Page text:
November 11, 2007

Streaming Flash Video with open-source software

As we use more and more video clips in our learning modules, the advantages of Flash video have become more apparent. The Flash plugin comes pre-installed on most browsers. Flash is truly cross-platform and cross-browser compatible. Flash scripting works on all platforms, so you can control the video and add cuepoints to the video where required to control navigation through the learning module. For this reason I've been looking at using the Flash Media Server.

However, until recently, the cost of licensing the Flash Media Server software has been prohibitive. An article on notes that the cost for streaming Flash video is sometimes more expensive than it is worth. Fortunately, there is now an open source alternative to Flash Media Server: "Red5," which is not only free but does more than Adobe's Flash Media Server Software. In fact it does more than several Adobe server products put together.

Red5 is an open source Flash Server written in Java that supports streaming audio and video, recording client video streams, remote shared objects (a flash feature that allows collaborative multi-user applications), live stream publishing (webcasting) and much more.

Starting out with simple streaming using the Red5 server:

  1. First go to Red5 Downloads Page and download the latest version for your server platform.
  2. A good tutorial on installing Red5 on Windows is available here. To get to the correct article, find the navigation bar at the bottom of the page, and click to page 2. Click on the button for Red5 Flash Media Server.
  3. Find the file "". On my server it is at:

    Change the line to read: =
    rtmp.host_port = =
    http.port = 5080 =
    rtmpt.port = 8088
    debug_proxy.host_port = 1936
    proxy_forward.host_port =
    rtmp.threadcount = 4

    To stream a video, just put the FLV video file into any of the streams directories. For example:


    Access the stream by using a flash based video player. A simple example is available for download:

    Download example player file

    The relevant actionscript is in frame1 of the main timeline.

    Additional Resources
  4. General Flash Video information:
    Best Practices for Delivery: Flash Video
  5. Additional Information:
    Subscribe to the Red5 mailing list
  6. Another Red5 forum is located here

  7. Security:
    To see all Red5 mailing list posts on the topic of security, paste the following query into a Google search box:
    site: security
  8. Performance:
    Stress test results of publishing a live stream to many clients (May 2007)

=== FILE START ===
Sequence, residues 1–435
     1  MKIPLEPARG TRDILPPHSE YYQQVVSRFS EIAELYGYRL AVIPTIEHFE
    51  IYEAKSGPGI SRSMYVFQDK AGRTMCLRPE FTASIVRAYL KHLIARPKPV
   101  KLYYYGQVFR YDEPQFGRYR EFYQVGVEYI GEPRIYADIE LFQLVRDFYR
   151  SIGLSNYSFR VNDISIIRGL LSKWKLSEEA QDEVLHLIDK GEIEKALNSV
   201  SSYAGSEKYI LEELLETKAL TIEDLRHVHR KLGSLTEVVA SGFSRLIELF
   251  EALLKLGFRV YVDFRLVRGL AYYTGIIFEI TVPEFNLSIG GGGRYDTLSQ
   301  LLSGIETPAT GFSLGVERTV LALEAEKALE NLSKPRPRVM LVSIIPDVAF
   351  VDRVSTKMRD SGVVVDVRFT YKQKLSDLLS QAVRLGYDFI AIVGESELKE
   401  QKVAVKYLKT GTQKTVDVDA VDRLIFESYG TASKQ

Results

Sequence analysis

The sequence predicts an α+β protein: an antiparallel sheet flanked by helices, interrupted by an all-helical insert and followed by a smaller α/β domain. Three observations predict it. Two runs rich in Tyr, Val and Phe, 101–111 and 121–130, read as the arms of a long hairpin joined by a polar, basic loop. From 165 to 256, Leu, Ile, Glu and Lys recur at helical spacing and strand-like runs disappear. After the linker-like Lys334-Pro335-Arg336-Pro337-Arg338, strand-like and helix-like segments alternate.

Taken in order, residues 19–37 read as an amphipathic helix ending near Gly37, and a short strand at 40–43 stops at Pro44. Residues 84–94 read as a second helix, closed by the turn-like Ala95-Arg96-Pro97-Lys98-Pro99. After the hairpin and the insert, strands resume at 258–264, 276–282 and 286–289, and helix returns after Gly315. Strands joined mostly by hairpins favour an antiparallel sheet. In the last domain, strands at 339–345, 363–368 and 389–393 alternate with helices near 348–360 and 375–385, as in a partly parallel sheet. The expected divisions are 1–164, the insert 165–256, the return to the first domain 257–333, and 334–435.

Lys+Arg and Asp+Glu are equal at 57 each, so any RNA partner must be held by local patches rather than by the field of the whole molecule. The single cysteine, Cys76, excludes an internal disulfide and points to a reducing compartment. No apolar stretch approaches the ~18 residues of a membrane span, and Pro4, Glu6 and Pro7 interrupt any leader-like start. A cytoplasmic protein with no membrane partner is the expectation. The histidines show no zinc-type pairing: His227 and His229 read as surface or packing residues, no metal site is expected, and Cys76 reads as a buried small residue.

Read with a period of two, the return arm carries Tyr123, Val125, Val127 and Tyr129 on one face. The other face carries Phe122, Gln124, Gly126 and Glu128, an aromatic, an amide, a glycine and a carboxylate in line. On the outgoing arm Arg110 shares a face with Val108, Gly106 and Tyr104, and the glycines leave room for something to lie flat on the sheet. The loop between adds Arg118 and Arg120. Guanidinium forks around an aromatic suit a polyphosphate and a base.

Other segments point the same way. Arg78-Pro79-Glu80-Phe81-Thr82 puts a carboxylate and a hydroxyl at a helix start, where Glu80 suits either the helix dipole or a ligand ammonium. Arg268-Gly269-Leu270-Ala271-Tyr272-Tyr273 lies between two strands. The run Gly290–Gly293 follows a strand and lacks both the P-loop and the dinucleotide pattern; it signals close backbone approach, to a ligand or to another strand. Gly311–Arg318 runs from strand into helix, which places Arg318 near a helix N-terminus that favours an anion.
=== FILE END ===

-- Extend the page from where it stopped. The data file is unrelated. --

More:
For more articles on scorm, web development, powerpoint and other topics, see The Designspace

Posted by emeiselm at 04:38 PM | Comments (0)

March 30, 2007

Powerpoint and video

Successfully incorporating video clips into powerpoint isn't hard, but the process will go more smoothly if you consider how the presentation will be delivered before inserting the video file. This tutorial is mainly oriented toward the PC version of powerpoint and Windows Media Player.

Let's go over some possible scenarios:

Scenario 1. You create and present the powerpoint presentation on your own laptop.

If the .ppt file is not going to be moved from its current position on the laptop, you only have to ensure that the video clip actually resides on your laptop, so that it will be available when you are giving the presentation.

So before inserting the video file, make sure that it is indeed on the C drive, or more simply, in whatever folder the powerpoint presentation is in, and not on a networked drive somewhere. This may seem obvious, but I've found that many users are not at all clear on what drives they are using.

The important thing to remember is: Powerpoint only inserts a pointer to the clip into the presentation. The pointer specifies the path to the current position of the clip, relative to the powerpoint file. This pointer will NOT be updated if the presentation file or the video file are moved. Powerpoint will continue looking for the file in a location it can no longer reach. Easiest solution: start with the video file in the same folder as the powerpoint, THEN insert it into the presentations, then move both files into the same folder on the laptop

Scenario 2. You develop the powerpoint on your desktop computer and move it to a laptop or CD:

Use the "Insert Movies and Sounds" command.